Chariots and Other Wheeled Vehicles In Italy Before the Roman Empire
Three categories of wheeled transport are documented in early Italy – carts and chariots with two wheels and wagons with four. This study of their construction and harnessing presents a wide range of archaeological evidence, such as wall paintings, terracotta models and the remains of actual vehicles. In the final chapter Crouwel considers the relative economic and social importance of the different means of land transport.
Temples and Sanctuaries in the Roman East
Religious Architecture in Syria, Iudaea/Palaestina and Provincia Arabia
Arthur Segal presents an architectural study of 87 temples built at the eastern end of the Mediterranean between the first century BCE and the third century CE. With more than 380 photographs, plans and reconstruction drawings, the volume contains detailed descriptions of their internal and external space, dividing the temples into two main categories: those with Vitruvian designs derived from Hellenistic-Roman architecture and those more influenced by non-Vitruvian eastern sources.
Letter and Report on the Discoveries at Herculaneum
In his 1762 Letter (Sendschreiben) and 1764 Report (Nachrichten), the great art historian Winckelmann gave vivid eyewitness accounts of the early excavations at Roman sites on the Bay of Naples that were buried by the eruption of Vesuvius. This volume presents new translations of both texts, alongside contemporary illustrations depicting the finds that Winckelmann discusses. In her extensive introduction and annotations, Carol Mattusch places these letters in the political, cultural and intellectual contexts of modern archaeology’s formative years.
The Greeks Overseas
Their Early Colonies and Trade
Described by the TLS as ‘a masterly summary’, this is a classic study of the earliest Greek trading posts and colonies. Boardman explains what archaeology has revealed about the Greeks’ travels as far afield as southern Egypt and northern Spain; he also highlights how much Greek arts and culture owed to foreign influences. This fourth edition features an extra chapter on recently discovered evidence and fresh theoretical approaches to the interpretation of this important period of European history.
Identifying Roman Coins
A Practical Guide to the Identification of Site Finds in Britain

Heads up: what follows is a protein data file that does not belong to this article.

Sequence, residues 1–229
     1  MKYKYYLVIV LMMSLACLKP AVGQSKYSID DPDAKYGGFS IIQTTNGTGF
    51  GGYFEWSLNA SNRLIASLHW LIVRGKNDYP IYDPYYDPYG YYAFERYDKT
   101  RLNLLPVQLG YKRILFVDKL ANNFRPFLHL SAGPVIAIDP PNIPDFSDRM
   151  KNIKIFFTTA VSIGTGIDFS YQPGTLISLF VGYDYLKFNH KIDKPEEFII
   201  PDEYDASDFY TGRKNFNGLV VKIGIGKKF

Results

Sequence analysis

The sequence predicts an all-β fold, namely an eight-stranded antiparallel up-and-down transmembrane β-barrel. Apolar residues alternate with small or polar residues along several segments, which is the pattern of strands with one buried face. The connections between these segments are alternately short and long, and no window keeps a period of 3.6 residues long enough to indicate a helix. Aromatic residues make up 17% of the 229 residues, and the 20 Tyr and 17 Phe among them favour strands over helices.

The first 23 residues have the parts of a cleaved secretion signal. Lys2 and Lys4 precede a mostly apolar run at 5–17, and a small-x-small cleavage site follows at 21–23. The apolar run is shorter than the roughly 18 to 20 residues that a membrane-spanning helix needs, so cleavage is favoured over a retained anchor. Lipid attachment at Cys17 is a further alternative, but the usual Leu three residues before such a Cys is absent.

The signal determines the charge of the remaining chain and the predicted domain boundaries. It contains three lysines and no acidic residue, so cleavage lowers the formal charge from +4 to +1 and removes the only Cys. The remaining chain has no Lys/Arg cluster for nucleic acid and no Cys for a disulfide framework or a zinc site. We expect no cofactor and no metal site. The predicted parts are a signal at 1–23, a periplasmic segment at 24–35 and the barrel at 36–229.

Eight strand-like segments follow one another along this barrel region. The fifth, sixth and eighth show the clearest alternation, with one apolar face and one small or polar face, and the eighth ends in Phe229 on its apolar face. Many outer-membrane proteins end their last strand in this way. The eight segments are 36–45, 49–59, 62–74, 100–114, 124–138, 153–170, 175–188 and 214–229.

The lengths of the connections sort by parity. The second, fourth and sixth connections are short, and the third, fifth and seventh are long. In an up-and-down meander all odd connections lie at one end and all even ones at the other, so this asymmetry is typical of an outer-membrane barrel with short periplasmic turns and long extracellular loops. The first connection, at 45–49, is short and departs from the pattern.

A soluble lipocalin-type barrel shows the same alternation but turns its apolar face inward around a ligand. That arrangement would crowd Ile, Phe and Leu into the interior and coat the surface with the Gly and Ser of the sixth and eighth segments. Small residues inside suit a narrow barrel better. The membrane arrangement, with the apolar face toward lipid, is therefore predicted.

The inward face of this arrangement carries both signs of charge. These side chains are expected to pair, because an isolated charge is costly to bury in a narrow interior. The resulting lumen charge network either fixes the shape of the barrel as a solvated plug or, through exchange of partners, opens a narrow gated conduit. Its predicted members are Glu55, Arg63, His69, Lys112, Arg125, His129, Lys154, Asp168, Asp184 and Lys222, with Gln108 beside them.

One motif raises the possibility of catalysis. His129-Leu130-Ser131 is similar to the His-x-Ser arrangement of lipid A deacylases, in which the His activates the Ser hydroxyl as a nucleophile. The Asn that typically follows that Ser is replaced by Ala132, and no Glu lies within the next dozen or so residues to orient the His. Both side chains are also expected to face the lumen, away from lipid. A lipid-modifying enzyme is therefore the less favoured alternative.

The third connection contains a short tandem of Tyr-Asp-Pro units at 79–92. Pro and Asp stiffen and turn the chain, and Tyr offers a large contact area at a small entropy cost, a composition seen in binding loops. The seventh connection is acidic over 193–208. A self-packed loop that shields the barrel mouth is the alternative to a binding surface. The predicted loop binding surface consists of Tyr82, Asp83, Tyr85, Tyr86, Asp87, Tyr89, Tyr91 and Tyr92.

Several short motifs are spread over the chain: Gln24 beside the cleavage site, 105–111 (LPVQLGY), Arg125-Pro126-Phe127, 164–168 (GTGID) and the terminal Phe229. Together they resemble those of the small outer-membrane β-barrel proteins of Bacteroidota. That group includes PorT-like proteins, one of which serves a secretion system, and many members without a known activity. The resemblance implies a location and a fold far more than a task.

Focusing on the coins most commonly found in Britain, from the first to the late fourth century CE, this visual recognition guide teaches the practical skills required to identify Roman coin types. It enables collectors to confirm whether a coin is Roman and what metal it is made from, before using the line drawings to pinpoint its date and place of origin. First published in 1986. Second edition.
Bringing Carthage Home
The Excavations of Nathan Davis 1856–1859
Clergyman, adventurer and snake-handler Nathan Davis (1812–1882) proposed to the British Museum that he should acquire ‘Punic’ antiquities for its collections – and he did. This book recounts in detail the story behind Davis’s pioneering excavation of sites and removal of mosaics in Carthage.
The Derveni Krater
Masterpiece of Classical Greek Metalwork
The ‘Derveni krater’ is a large, ornamented vessel that was discovered in 1962 in fourth-century tombs at Derveni, near Thessaloniki. This illustrated, in-depth study examines the krater’s artistic origins and imagery and traces its journey from Classical Athens to Derveni.
The Complete Greek Temples
A leading authority on Greek archaeological sites, Professor Spawforth tells the story of Greek temples as a cultural phenomenon and follows their spread as far as Libya and Ukraine, stressing religion and politics as well as art and architecture, and later antiquity as well as classical Greece. This complete, fully illustrated survey traces the origins, rise and decline of collonaded temples, explains the practicalities of their construction, and presents an up-to-date gazetteer of Greek temple sites, arranged by region.